New Jersey's Paid Family Leave program has been a resounding success, serving nearly 80,000 workers and not hindering business as opponents of the idea argued it would when it was created four years ago, proponents declared Thursday.
Advocates of the program, including New Jersey AFL-CIO and New Jersey Time to Care Coalition leaders — Senate President Steve Sweeney (D-Gloucester) and Senators Loretta Weinberg (D-Bergen) and Linda Greenstein (D-Middlesex) and Assemblyman Nelson Albano (D-Atlantic) — gathered in Trenton to recognize the fourth anniversary of the program.
“This policy has shown that New Jersey can be pro-business and pro-family at the same time," Weinberg said.
The Paid Family Leave Act permits workers to apply for up to six weeks paid leave to care for a newborn or newly adopted child, or a sick parent, spouse or child. Family leave benefits are funded by an employee payroll tax. Workers are entitled to two-thirds of their weekly wages up to maximum of $572 in 2012.
Since the program began, over 80,000 claims have been approved. While the majority of claims have been for bonding with newborns or newly adopted children, more than 15,000 New Jerseyans have used it to take care of sick family members.
In 2011, surplus of funds allowed for a 50 percent cut in the amount of money employees contributed to paid family leave. The current amount paid remains below the original 12 percent originally deducted from each paycheck.
"It brings me great joy to know that New Jersey now extends this crucial pro-family support to all of its workers, not just a select few,” Sweeney said. “When my own daughter was born 19 years ago, I was lucky enough to have an employer who understood the situation and allowed me to take the time I needed. But had I been in a different job, I could have faced the prospect of choosing between spending 75 days at the hospital with my newborn, or working to provide for my growing family. Thanks to Paid Family Leave, New Jerseyans no longer have to make that kind of agonizing decision."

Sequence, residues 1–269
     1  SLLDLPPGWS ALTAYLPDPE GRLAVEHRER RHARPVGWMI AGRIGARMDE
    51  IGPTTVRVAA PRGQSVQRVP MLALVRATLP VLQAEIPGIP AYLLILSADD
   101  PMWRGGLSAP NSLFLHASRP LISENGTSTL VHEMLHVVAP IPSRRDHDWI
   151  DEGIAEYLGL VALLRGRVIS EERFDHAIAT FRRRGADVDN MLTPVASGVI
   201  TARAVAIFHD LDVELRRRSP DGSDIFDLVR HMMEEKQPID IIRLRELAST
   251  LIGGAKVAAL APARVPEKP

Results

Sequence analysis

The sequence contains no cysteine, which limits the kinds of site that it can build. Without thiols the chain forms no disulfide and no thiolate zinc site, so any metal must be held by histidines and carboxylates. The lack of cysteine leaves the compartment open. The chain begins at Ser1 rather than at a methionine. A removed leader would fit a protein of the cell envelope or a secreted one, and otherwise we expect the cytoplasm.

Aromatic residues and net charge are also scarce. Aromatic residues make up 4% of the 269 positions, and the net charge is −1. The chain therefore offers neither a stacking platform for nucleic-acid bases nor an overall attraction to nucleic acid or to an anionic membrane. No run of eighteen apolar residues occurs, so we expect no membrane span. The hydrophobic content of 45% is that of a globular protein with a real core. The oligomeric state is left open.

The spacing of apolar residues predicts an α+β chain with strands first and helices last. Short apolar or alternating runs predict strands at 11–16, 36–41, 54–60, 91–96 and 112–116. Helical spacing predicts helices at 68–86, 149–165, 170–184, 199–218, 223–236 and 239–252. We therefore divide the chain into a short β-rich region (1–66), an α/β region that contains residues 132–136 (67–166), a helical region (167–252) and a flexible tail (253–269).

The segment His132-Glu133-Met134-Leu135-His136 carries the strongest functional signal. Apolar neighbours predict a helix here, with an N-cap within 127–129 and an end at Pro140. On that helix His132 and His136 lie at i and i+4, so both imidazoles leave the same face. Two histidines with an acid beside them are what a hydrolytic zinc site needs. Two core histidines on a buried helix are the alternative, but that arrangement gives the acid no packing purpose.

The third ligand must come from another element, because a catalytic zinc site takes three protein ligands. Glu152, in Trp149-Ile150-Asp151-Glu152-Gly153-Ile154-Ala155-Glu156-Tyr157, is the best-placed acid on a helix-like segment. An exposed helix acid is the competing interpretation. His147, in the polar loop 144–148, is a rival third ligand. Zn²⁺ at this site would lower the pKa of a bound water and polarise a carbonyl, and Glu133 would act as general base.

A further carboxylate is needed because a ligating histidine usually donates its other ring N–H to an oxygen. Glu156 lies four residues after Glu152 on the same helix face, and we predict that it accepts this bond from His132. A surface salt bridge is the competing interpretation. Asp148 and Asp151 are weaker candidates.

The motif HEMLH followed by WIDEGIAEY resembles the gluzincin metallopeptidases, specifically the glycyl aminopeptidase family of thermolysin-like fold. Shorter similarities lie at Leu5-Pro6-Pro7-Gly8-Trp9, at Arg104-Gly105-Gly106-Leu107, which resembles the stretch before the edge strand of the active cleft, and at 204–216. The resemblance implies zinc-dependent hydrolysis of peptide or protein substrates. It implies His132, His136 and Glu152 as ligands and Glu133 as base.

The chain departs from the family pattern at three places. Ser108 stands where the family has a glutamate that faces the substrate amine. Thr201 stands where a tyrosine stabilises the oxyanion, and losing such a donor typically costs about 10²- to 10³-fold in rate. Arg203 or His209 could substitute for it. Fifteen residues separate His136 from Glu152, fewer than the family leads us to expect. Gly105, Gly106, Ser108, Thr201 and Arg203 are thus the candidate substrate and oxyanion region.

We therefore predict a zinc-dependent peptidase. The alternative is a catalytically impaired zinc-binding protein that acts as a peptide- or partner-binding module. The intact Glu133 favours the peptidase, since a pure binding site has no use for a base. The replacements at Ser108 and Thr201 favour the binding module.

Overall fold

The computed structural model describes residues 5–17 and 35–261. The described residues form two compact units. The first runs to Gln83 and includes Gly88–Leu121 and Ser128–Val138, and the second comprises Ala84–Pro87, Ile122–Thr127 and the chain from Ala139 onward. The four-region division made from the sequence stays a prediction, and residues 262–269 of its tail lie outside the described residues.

“The value of this program to workers, from both a financial and social perspective is immense,” AFL-CIO President Chalres Wowkanech said. “This program provides wage replacement so workers don’t have to choose between paying their mortgages and spending time with a new born baby or seriously ill family member when they need it the most — and that is priceless.”
“When it comes down to it, Family Leave Insurance is a no-brainer,” New Jersey Citizen Action Director Phyllis Salowe-Kaye said. “It gives workers financial security by allowing them to take paid leave to deal with a child's illness or a parent's recovery from an illness, which not only makes for stronger families, but also increases worker morale, productivity and retention.”
The anniversary of the law comes as a new study, released by the Center for Women and Work at Rutgers University and the National Partnership for Women & Families, which finds public assistance and food stamp use is lower for new mothers who live in states with paid leave policies, especially when these mothers use the paid leave available to them.
“In May 2008, when Family Leave Insurance was signed into law, New Jersey took a strong step forward in helping families balance work and family, especially during these hard economic times, as families struggle to keep jobs and homes,” said Karen White, director of the Working Families Program at the Center for Women and Work. “With family leave insurance, working families in New Jersey don’t have to make the impossible choice between earning a paycheck and staying home to care for a loved one.”
— TOM HESTER SR., NEWJERSEYNEWSROOM.COM